(I would like to thank Defender Shield for the information in this article.)
Everywhere you look, there are computers, laptops, cell phones, tablets, WiFi networks, smart gadgets, and other electronic devices. And every year, the numbers of these devices continue to increase.
As of 2019,
- 95% of Americans own a smartphone
- 73% of Americans own a PC/Laptop
- 53% of Americans own a tablet computer
Unsurprisingly, electronic devices are not only growing in popularity, they are growing in usage — meaning more people are buying them, and are also using them for longer and longer periods.
According to a Nielsen survey, the average American spends 11+ hours a day with electronic media.
Time spent watching live TV has been decreasing, as time spent on TV-connected devices, as well as smartphone apps, has increased.
The average amount of sleep a person must have each night is 7.5-9 hours, meaning we spend approximately two-thirds of our waking hours wired.
Despite the amount of time we spend using them, the average person doesn’t know very much about how electronics actually work.
Every electronic device emits forms of Electromagnetic Field radiation, also called EMFs. They use an electric current passing through a circuit to perform a function. From your hair dryer to your smartphone, these levels vary based on the purpose of the device.
Electromagnetic fields are considered “radiation,” a byproduct of energy transmission.
As a result of electrons moving, electricity is generated in one direction and magnetism in another. This results in energy moving in two directions. The energy of the electricity moves on an x-axis and perpendicularly at a 90 degree angle a magnetic field is generated alongside it.
These energy fields travel predominantly in waves, and the different energy levels of waves are ordered together on the Electromagnetic Radiation Spectrum.
Generally speaking, there are two broad categories of electromagnetic frequencies on the spectrum: “Non-Ionizing Radiation” and “Ionizing Radiation.”
The radiation emitting by our electronic devices, like our cell phones, laptops, tablets, televisions, cell towers, and Bluetooth headphones, are all classified as low-energy non-ionizing radiation (commonly referred to simply as EMF), as opposed to the high-energy ionizing radiation.
Ionizing radiation is directly harmful to cells, and it can even ionize (split) atoms. An extreme example of ionizing radiation would be that of an atomic bomb.
Non-ionizing radiation is low energy and some argue that it is safe for that reason. However, health concerns such as cell damage, are not immediately seen with non-ionizing radiation exposure but are still very much a health danger.
Types of EMFs & How They are Created
Electronic devices emit 2 distinctly different types of radiation, ELF and RF emissions.
Extremely Low Frequency (ELF) EMFs
Electronic devices offer computing functions, phone calls, Internet connections, light up panels, and so many more capabilities.
As a by-product of these functions operating, an electric current is generated that flows within and between components creating EMFs. This type of radiation is also known as Extremely Low Frequency (ELF).
Radio Frequency (RF) EMFs
Electronic devices also communicate outside the device, transmitting communication signals from your device to other devices so you can talk to a friend on a phone or maybe connect to the Internet with your WiFi. These signals are called Radio Frequency (RF) signals and can also be referred to as Microwave (MW) signals.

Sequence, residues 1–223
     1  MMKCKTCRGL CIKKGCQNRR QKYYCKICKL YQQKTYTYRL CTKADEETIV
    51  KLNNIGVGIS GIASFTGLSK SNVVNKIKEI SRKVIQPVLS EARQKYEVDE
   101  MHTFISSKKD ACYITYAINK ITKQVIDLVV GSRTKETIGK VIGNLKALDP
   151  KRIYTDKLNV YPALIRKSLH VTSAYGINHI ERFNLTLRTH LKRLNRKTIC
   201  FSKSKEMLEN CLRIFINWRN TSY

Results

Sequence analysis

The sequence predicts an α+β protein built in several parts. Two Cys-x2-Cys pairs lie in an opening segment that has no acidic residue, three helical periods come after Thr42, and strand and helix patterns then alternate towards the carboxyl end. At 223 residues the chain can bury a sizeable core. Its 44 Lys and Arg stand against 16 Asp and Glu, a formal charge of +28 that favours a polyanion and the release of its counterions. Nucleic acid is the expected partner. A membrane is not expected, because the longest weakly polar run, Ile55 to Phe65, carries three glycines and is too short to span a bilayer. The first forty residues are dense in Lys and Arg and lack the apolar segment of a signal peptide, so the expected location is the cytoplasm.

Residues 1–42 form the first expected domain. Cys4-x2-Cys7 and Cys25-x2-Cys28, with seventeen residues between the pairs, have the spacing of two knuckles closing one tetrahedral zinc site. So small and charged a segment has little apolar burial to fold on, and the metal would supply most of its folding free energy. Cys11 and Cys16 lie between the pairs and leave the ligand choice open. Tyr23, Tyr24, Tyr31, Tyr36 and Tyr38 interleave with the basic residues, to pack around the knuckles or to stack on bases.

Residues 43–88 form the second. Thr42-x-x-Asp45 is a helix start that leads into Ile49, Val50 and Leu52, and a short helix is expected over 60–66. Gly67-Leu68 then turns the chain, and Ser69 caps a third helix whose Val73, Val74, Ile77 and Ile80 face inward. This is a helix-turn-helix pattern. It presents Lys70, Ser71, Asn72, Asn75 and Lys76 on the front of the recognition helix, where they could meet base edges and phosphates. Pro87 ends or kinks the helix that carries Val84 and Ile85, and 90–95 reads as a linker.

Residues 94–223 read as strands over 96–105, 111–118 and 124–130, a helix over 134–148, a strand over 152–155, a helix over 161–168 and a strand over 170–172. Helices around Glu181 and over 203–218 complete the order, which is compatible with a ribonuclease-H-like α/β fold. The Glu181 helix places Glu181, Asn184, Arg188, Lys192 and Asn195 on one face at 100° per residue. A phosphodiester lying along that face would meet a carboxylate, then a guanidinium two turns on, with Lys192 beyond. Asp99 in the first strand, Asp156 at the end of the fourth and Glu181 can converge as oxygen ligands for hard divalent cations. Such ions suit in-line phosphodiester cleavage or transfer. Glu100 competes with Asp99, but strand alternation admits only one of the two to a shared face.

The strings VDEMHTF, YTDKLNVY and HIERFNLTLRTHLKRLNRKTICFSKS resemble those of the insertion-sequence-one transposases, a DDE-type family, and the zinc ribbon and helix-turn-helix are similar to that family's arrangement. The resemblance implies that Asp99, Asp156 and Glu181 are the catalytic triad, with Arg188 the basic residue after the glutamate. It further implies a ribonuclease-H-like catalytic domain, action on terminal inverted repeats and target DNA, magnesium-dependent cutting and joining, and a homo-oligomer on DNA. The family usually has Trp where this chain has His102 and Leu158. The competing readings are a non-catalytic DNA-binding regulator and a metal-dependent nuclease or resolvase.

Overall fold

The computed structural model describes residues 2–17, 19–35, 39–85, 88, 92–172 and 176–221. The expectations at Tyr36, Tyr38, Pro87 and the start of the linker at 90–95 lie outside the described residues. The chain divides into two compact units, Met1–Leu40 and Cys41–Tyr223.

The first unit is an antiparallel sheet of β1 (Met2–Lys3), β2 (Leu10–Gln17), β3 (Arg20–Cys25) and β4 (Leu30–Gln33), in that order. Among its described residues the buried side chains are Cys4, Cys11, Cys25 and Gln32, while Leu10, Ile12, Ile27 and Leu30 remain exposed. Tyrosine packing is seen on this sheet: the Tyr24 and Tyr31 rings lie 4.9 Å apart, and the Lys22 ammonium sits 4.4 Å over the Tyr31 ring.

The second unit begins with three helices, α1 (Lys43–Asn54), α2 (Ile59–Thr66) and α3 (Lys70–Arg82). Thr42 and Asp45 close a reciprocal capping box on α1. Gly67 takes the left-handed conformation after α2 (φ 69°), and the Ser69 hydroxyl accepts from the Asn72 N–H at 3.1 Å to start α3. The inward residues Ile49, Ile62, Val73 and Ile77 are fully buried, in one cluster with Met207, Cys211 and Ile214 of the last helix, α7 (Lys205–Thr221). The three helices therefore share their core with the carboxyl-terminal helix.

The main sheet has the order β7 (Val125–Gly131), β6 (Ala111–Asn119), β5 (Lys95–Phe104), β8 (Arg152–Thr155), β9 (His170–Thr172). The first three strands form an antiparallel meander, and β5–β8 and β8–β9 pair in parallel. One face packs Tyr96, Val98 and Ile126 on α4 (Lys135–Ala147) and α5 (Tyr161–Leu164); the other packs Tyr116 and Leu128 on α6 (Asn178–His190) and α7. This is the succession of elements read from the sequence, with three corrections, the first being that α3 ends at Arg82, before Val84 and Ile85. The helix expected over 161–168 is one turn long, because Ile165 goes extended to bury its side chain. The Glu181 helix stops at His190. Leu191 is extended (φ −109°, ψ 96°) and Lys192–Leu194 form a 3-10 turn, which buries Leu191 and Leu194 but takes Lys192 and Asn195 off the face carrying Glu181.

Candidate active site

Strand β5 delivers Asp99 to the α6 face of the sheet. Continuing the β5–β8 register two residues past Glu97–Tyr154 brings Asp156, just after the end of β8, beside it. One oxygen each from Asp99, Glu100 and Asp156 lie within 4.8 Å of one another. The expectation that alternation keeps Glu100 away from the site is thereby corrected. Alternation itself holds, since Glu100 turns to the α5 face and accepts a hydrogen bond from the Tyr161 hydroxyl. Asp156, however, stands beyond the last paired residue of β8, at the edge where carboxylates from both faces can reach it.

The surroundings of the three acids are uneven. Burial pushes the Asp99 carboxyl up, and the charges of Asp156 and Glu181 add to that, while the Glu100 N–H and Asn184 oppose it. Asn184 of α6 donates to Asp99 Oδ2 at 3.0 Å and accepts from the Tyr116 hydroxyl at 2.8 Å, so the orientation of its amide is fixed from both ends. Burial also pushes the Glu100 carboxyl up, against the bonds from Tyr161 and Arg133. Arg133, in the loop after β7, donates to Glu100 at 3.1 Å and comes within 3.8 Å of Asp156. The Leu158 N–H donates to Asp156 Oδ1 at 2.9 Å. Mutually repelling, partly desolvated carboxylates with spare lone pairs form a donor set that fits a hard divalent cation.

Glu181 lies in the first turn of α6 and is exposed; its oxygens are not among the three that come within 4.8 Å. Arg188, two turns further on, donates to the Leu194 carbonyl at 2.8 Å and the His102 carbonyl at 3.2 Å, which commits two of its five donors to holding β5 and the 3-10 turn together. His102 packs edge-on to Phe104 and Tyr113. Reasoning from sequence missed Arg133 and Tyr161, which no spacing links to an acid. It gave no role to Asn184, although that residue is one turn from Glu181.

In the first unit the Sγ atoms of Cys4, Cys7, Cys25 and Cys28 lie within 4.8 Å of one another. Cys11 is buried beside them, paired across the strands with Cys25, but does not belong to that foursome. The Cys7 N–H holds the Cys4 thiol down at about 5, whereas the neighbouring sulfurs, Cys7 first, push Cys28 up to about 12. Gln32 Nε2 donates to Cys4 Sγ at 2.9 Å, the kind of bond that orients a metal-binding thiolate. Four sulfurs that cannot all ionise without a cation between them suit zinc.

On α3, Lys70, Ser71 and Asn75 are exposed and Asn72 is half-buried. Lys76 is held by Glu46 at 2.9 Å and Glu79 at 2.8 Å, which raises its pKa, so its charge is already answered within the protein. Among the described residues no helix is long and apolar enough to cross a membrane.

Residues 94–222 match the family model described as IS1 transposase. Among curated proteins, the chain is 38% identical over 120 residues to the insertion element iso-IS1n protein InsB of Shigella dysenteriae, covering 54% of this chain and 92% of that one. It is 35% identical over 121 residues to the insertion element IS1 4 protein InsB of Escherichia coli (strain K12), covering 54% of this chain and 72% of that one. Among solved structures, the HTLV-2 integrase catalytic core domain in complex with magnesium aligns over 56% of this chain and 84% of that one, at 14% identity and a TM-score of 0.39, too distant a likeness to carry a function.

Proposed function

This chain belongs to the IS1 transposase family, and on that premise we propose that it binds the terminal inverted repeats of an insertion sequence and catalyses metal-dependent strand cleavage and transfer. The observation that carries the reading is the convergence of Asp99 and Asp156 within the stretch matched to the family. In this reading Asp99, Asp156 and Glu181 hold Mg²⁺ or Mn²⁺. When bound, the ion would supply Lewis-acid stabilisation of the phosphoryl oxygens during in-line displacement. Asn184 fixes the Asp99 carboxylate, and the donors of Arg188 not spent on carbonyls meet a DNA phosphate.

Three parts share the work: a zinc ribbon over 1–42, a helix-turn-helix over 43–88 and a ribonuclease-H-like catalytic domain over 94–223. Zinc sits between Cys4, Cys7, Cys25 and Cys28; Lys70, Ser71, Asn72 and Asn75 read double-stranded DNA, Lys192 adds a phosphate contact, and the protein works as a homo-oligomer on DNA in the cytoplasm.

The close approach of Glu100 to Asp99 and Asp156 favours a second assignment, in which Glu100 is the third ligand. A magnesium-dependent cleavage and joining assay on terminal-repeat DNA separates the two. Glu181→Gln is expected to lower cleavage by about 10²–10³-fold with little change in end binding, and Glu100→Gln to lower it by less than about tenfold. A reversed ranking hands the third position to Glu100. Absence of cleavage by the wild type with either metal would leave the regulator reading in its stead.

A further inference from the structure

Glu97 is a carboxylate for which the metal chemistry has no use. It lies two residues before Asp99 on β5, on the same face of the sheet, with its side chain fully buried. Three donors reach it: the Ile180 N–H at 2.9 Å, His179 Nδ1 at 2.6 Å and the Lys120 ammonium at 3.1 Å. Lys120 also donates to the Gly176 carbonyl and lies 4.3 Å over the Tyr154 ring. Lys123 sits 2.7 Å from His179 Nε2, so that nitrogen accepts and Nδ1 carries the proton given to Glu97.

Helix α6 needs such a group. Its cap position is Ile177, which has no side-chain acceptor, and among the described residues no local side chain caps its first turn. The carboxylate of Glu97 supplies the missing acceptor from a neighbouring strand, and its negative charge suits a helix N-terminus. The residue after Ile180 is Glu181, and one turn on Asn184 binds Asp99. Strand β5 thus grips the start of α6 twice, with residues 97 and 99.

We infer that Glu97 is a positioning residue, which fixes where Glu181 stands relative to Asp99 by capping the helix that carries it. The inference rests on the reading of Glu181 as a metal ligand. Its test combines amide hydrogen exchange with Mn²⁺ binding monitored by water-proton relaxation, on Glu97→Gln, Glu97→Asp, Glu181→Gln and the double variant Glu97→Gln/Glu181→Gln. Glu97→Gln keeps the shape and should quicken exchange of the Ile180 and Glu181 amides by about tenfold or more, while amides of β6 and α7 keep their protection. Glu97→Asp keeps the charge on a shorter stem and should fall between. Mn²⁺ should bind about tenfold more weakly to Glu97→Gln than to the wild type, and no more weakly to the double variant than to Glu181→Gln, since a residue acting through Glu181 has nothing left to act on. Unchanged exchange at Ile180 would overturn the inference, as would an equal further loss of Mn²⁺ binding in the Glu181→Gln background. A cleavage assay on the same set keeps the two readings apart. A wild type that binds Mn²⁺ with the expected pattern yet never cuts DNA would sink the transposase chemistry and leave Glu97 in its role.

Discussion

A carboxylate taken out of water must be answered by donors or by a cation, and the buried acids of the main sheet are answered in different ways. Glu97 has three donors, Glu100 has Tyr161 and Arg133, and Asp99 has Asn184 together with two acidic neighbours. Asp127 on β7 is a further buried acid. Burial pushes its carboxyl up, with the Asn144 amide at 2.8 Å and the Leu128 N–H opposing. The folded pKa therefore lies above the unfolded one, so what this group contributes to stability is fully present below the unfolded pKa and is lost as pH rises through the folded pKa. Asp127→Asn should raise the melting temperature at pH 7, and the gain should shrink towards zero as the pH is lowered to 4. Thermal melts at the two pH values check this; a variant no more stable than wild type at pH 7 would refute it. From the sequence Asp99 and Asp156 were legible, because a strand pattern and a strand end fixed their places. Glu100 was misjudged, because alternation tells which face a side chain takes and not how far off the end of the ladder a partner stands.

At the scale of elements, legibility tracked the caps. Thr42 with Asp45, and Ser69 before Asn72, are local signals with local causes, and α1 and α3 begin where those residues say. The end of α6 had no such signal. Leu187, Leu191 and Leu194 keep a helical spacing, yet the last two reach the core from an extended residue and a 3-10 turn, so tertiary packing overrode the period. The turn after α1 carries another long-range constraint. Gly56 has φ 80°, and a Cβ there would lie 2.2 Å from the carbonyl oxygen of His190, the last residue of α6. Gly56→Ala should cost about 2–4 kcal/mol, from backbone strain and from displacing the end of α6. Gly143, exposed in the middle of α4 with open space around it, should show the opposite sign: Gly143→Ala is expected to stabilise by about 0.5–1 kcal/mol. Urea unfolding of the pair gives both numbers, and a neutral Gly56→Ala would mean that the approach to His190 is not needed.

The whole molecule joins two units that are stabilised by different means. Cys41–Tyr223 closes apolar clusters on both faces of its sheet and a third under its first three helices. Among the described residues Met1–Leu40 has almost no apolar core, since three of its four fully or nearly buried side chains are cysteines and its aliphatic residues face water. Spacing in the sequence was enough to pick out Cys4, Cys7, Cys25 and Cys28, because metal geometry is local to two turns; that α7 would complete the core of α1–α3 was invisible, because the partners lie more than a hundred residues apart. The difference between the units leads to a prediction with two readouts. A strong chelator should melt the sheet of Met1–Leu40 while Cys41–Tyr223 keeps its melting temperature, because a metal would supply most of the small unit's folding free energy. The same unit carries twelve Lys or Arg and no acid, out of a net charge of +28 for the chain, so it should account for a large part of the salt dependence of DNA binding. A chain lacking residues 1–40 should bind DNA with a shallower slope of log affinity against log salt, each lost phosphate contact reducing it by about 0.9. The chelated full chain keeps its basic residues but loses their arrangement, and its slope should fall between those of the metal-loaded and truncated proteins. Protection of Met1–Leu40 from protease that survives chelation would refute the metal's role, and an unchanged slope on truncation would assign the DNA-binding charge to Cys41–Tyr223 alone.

RF signals can be transmitted at many different frequencies and power levels. A cell phone signal, for example can travel several miles, while a WiFi signal stays below 100 feet.
These varying distance capabilities require the electronics to generate differing power levels in order to accommodate the distances.
A growing body of scientists believe that exposure to non-ionizing radiation over prolonged periods, such as years, may cause serious health issues, and current scientific studies are substantiating their concerns.
Similar to how the Grand Canyon was created, a small force over a long period of time can cause great changes. With people using these devices close to their bodies on a regular basis, many are becoming concerned about their constant exposure to EMFs, especially now that the length of exposure has spanned more than a decade.
Science tells us that low-energy EMF radiation can have an impact on the human body and our cells’ biology, regardless of EMF’s ability to heat cells (which can also be damaging). Additionally, our bodies use electricity within to properly function and external signals from electronic devices can interrupt or confuse living tissue.
An overwhelming number of studies have been conducted on EMF radiation that show there can be many risks to our health.
The World Health Organization established an International Electromagnetic Fields Project in 1996 to assess the scientific evidence for possible adverse health effects from EMFs and the work continues to this day.
Nonetheless, because many electronic devices we use everyday like laptops, tablets, and cell phones are relatively recent commodities, studies that can show actual long-term health implications have not been published yet. Scientific studies can take up to 20 years or more to establish definitive conclusions.
We urge that for now, the precautionary approach be taken, where we limit our exposure to electronic devices as much as we can until definitive evidence comes about.